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There's no doubt that obtaining a visa for travel is a headache, and for a long time Chinese visas were among the worst. There was the price ($140), the consular visits, the being separated from your passport during processing, and then the frustration that all that work only resulted in a visa valid for one year.
Then, in early 2013, the rules eased when China began allowing for 72-hour visa-free visits. Quick visits for business, shopping, or just taking advantage of great airfare sales to China became possible without the need to plan far ahead and fill your passport with visa pages.
Today brings more excellent news, as applications are open for a 10-year China visa. The move was only announced a few days ago, while President Obama was in Beijing for the Asia-Pacific Economic Cooperation (APEC) Economic Leaders' Meeting. Citizens of the US and China have similar visa rules thanks to reciprocity, whereby one country applies the same limitations and requirements as the other. Reciprocity continues with this new announcement, as visas to the US for Chinese citizens will also enjoy the decade validity.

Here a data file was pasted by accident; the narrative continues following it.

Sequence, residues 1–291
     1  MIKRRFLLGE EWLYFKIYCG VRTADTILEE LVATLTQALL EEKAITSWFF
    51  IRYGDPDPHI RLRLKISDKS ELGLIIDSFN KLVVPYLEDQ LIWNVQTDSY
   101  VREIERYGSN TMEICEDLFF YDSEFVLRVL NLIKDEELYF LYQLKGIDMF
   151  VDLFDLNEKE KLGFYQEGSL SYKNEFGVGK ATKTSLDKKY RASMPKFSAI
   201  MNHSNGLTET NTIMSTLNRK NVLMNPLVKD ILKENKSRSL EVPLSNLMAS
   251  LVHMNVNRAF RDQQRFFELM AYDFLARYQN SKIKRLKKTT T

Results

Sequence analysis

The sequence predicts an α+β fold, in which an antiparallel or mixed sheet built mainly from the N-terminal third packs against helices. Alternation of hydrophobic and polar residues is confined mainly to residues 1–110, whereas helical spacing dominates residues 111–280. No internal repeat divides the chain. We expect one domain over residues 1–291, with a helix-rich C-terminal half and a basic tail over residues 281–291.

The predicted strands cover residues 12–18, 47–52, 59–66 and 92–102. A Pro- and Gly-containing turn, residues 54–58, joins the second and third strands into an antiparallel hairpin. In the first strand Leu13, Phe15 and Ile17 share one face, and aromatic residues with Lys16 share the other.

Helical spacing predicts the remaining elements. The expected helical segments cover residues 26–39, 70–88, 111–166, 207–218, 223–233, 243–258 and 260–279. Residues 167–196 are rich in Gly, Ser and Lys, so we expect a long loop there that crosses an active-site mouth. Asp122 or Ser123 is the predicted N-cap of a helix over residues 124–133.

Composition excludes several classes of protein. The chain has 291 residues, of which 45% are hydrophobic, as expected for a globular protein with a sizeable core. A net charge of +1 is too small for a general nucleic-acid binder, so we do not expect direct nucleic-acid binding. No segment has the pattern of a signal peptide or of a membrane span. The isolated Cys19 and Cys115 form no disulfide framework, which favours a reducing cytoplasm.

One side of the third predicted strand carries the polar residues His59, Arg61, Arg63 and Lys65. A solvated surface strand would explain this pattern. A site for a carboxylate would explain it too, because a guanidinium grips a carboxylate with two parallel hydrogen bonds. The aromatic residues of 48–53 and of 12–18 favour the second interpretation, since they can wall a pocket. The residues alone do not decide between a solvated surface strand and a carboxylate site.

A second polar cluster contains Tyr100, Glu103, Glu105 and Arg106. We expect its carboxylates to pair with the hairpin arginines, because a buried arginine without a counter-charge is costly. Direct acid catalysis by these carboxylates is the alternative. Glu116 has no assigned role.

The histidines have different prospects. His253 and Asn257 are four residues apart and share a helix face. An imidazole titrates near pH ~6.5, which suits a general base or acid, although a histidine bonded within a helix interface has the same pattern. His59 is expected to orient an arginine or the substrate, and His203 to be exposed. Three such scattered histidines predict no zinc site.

Universal Studios / China Travel / Beijing Travel / Theme Parks / Roller Coasters / Amusement Parks / → All Tags
Pack your best roller coaster riding pants, as China is all set to welcome the thrills and chills of a major new attraction. The folks over at Universal Studios have been running the numbers, preparing the PowerPoint presentations, and now it’s time to start about building a new park over in Beijing.
The opening date of the park hasn’t been announced, but you can bet on it being a few years from now; the bulldozers haven't even arrived on scene yet. The planned park will take up around 1,000 acres, and will likely feature all kinds of superheroes and movie favorites from Spider-Man to Transformers.
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Just as we were praising train travel for its ease of access and lack of frustrating security checkpoints, China has beefed up security to the point that it resembles a TSA checkpoint on its subway in Beijing.